LOS ANGELES (CN) – Hard Candy, which makes clothing and fashion accessories for young women, claims Madonna is violating its trademark and trying to license Hard Candy Fitness clubs and clothing.
Florida-based Hard Candy sued Madonna, her manager Guy Oseary, MGHCandy and Epic Rights on Friday, in Federal Court. It claims Madonna is the managing member of MGHCandy, that Oseary owns 50 percent or more of the company, and the Epic Rights is its licensor.
Hard Candy sells its clothing, cosmetics and eyeglasses primarily through Wal-Mart. It says it has done so since 1995, when its first product was a Hard Candy nail polish. It applied for a Hard Candy trademark in 1996, and received it, and received Hard Candy trademarks for other cosmetics as well, it claims in the lawsuit, and it has licensed the marks since 2009.
Nonparty Evolution Ventures sought to trademark Hard Candy Fitness in 2009, and claimed it intended to use the mark in the United States, but has not done so, opening only one center in Mexico City, the complaint states. (Hard Candy sued Hard Candy Fitness and Madonna in Miami Federal Court in 2014. The case was transferred to Los Angeles.)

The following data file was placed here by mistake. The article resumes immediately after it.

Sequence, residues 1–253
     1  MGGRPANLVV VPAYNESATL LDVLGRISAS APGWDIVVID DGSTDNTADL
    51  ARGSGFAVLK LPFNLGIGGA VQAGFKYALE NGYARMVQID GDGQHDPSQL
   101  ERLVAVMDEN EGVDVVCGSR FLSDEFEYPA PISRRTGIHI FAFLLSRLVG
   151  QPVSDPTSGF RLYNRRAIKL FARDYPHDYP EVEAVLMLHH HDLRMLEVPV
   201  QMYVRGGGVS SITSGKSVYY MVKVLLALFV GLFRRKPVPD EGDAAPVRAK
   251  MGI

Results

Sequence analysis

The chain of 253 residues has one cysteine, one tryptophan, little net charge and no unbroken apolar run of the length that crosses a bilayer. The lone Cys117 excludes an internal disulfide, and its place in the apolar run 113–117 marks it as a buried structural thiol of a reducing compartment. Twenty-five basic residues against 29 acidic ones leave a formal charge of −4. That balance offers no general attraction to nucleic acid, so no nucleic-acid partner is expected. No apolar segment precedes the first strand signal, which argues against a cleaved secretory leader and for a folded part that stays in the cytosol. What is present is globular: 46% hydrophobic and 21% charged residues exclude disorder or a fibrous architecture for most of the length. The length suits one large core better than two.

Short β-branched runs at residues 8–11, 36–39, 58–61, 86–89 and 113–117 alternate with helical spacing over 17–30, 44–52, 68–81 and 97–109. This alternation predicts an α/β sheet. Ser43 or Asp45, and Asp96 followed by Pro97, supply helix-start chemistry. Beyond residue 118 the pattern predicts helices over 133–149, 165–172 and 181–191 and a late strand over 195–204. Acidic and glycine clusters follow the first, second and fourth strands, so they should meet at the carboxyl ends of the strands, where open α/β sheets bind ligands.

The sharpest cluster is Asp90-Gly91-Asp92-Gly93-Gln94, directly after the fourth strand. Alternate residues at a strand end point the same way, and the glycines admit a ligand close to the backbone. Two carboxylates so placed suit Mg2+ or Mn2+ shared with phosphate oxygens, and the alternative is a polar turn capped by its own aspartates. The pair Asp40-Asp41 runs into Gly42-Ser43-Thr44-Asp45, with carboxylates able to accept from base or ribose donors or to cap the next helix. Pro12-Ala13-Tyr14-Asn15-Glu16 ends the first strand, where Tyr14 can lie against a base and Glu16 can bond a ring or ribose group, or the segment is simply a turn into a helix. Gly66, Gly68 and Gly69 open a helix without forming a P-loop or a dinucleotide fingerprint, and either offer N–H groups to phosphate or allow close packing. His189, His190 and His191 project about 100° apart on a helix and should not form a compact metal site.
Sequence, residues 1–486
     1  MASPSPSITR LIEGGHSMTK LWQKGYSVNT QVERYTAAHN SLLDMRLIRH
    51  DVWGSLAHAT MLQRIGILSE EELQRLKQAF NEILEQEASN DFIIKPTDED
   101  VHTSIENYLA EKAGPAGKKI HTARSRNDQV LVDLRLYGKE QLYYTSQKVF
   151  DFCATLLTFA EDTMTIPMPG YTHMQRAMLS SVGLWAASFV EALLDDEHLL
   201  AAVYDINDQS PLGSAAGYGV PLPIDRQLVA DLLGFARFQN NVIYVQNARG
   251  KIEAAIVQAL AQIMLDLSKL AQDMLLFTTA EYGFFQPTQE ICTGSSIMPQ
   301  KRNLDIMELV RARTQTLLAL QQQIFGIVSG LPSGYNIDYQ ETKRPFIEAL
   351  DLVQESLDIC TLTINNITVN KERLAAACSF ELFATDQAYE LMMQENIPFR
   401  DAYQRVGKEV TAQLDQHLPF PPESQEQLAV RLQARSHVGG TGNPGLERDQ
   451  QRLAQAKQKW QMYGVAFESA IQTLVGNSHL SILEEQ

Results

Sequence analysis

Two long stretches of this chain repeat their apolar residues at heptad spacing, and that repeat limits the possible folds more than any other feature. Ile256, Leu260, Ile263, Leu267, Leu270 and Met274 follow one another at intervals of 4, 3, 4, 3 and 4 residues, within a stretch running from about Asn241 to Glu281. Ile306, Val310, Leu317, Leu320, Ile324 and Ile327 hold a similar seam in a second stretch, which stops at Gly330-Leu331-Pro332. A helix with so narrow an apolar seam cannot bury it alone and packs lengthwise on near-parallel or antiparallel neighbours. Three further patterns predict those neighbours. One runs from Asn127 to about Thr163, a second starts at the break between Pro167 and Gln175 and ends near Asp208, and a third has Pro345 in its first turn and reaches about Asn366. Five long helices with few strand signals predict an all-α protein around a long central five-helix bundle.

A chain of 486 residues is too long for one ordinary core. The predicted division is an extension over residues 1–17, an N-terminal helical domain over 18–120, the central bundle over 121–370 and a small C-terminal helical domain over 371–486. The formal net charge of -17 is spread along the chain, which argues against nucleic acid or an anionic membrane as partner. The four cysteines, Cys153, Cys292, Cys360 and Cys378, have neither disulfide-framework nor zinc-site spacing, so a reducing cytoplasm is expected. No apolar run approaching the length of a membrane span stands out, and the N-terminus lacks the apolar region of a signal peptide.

Hard Candy Fitness also filed an intent-to-use trademark application for athletic apparel, which the Patent and Trademark Office refused, the complaint states. Nonetheless, the defendants are promoting their Hard Candy Fitness apparel on the Internet, and are trying to license it as well, the complaint states.
Hard Candy seeks an injunction and punitive damages for trademark infringement and dilution and unfair competition, and transfer of any trademarks the defendants have been granted.
It is represented by Stephen Mick with Barnes & Thornburg, whose offices were closed over the weekend.
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